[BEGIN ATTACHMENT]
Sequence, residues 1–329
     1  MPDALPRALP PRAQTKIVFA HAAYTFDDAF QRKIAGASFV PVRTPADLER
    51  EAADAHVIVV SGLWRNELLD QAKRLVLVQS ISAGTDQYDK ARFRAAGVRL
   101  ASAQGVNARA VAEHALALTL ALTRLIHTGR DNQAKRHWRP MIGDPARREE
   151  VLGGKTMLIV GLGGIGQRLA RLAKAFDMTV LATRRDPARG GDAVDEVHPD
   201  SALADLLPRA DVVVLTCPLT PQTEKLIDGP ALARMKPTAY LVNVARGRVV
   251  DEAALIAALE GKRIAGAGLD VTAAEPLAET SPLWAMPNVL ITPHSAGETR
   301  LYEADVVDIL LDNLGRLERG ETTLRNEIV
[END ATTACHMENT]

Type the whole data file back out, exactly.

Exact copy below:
Sequence, residues 1–329
     1  MPDALPRALP PRAQTKIVFA HAAYTFDDAF QRKIAGASFV PVRTPADLER
    51  EAADAHVIVV SGLWRNELLD QAKRLVLVQS ISAGTDQYDK ARFRAAGVRL
   101  ASAQGVNARA VAEHALALTL ALTRLIHTGR DNQAKRHWRP MIGDPARREE
   151  VLGGKTMLIV GLGGIGQRLA RLAKAFDMTV LATRRDPARG GDAVDEVHPD
   201  SALADLLPRA DVVVLTCPLT PQTEKLIDGP ALARMKPTAY LVNVARGRVV
   251  DEAALIAALE GKRIAGAGLD VTAAEPLAET SPLWAMPNVL ITPHSAGETR
   301  LYEADVVDIL LDNLGRLERG ETTLRNEIV